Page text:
It is a further object of the present invention to provide a wound assessment tool onto which wound documentation parameters may be directly recorded using a color coding system.

It is another object of the present invention to provide a wound assessment tool which is constructed of material flexible enough to conform a wound's shape regardless of location on the patient, but still rigid enough to form a permanent record in a patient's chart.

It still is another object of the present invention to provide a wound assessment tool onto which the wounds margins and dimensions may be traced.

It is still a further object of the present invention to provide a wound assessment tool which speeds up the wound assessment process by eliminating the need of transferring assessment data to another sheet.

It is even another object of the present invention to provide a wound assessment tool which improves measurement accuracy by providing a virtually self explanatory measuring tool.

It is still another object of the present invention to provide a non-disposable wound assessment tool which allows a visual comparison of a sketch of the wound to be made from week-to-week instead of just comparing wound numbers.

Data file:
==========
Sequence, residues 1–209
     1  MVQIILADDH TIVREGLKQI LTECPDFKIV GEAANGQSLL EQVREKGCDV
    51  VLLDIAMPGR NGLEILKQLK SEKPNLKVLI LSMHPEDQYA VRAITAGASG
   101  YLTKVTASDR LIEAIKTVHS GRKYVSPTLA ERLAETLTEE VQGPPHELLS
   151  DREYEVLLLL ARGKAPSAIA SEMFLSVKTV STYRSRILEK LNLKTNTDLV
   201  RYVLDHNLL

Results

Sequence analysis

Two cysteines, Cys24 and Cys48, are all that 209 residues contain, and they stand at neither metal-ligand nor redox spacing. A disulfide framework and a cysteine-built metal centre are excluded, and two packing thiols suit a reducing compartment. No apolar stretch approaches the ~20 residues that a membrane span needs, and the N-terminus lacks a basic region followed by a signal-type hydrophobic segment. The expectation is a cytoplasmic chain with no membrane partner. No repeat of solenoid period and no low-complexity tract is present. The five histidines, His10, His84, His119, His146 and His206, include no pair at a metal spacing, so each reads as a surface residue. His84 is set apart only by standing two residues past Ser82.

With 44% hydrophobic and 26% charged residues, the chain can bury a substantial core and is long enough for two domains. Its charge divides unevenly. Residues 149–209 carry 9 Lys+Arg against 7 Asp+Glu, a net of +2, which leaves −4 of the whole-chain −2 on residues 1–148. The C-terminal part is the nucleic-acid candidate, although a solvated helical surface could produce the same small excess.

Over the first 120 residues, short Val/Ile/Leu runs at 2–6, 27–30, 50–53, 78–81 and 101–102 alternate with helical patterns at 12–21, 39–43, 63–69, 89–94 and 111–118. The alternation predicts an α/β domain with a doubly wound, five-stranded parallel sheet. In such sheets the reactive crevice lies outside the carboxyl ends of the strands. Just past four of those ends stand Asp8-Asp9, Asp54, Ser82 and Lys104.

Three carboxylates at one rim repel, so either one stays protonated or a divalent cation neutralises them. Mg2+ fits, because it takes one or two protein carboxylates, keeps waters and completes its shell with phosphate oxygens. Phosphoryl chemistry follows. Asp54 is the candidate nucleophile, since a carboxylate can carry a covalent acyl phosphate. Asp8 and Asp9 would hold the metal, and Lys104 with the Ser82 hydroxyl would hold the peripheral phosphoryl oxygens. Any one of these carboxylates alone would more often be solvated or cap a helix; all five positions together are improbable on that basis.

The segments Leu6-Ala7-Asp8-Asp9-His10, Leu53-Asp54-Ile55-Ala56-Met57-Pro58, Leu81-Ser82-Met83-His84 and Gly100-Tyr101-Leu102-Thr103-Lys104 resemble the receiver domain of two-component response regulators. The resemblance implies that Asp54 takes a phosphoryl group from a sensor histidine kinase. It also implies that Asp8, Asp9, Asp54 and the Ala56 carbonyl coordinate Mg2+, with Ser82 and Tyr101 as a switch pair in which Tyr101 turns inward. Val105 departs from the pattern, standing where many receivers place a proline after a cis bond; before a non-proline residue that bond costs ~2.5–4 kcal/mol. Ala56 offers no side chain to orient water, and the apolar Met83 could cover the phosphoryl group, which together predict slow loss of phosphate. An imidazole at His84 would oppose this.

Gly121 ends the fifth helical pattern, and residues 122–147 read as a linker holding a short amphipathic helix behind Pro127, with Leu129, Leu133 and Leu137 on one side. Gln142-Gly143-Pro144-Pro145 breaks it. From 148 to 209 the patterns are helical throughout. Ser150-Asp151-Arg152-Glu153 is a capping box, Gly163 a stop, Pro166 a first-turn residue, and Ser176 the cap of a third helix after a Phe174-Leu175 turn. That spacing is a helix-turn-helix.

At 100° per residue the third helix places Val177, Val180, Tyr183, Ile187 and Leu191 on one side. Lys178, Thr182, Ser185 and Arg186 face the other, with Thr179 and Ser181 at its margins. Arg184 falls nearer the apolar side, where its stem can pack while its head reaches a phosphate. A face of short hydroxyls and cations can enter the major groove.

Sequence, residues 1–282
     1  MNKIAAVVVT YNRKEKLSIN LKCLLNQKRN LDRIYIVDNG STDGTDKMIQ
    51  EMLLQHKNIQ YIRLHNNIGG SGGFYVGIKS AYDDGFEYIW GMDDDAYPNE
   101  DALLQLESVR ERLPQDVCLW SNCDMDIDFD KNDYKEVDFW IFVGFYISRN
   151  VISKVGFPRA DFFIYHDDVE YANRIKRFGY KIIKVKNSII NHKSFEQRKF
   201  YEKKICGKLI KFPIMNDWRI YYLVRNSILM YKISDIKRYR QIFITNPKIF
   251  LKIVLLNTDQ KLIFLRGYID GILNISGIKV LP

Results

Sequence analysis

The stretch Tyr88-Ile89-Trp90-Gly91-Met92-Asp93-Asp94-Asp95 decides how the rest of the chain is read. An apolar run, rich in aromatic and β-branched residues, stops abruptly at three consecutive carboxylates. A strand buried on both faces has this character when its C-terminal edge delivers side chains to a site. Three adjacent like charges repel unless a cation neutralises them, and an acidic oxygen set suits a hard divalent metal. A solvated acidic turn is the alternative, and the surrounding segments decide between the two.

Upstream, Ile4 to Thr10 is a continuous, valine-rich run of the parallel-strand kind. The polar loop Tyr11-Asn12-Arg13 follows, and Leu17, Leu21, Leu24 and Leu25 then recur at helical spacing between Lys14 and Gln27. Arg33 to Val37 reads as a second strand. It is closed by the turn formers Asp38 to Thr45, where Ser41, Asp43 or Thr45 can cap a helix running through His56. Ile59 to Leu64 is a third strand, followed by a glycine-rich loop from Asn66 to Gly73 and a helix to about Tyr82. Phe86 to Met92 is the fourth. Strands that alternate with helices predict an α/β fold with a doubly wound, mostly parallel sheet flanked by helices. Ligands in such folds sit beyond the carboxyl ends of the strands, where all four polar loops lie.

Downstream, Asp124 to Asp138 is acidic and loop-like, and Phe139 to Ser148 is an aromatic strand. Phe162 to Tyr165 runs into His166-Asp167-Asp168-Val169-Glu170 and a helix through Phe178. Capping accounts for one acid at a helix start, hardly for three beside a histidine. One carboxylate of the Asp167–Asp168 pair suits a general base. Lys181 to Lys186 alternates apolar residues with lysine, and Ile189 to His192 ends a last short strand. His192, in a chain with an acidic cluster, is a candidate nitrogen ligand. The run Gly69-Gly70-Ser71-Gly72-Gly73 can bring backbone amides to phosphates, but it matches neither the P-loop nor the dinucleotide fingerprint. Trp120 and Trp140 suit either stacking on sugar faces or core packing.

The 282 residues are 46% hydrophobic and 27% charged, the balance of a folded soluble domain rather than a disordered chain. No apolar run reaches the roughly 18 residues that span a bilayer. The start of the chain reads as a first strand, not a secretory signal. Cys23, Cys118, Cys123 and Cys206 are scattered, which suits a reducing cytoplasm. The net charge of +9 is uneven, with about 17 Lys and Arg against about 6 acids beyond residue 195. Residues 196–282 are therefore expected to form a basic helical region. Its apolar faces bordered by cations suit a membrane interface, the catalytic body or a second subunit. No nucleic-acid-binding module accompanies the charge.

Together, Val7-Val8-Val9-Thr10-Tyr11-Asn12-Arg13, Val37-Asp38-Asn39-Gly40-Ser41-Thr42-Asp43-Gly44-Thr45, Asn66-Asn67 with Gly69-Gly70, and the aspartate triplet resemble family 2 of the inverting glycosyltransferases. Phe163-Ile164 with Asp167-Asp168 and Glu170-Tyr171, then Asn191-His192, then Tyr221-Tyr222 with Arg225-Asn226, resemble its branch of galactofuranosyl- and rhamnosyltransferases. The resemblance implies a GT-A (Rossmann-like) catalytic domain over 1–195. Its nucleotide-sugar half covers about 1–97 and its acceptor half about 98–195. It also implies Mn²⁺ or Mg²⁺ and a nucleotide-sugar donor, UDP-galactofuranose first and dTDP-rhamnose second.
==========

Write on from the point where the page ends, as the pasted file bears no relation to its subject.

It is still a further object of the present invention to develop a wound assessment tool capable of being used to size the stomas of ostomy patients.

It is still an additional object of the present invention to develop a wound assessment tool capable of providing consistent and accurate measurements of dermal ulcers.

Still other features and advantages of the present invention will become evident to those skilled in the art in light of the following.

BRIEF DESCRIPTION OF THE DRAWINGS

FIG. 1 is a front view of the wound assessment tool according to the preferred embodiment of the present invention showing the transparent disposable backing sheet and the wound assessment sheet.

FIG. 2 shows the wound assessment tool according to the preferred embodiment of the present invention placed over a patient's wound for wound tracing.

FIG. 3 is a perspective view of the wound assessment tool according to the preferred embodiment of the present invention showing the wound assessment sheet being peelably removed from the transparent disposable backing sheet.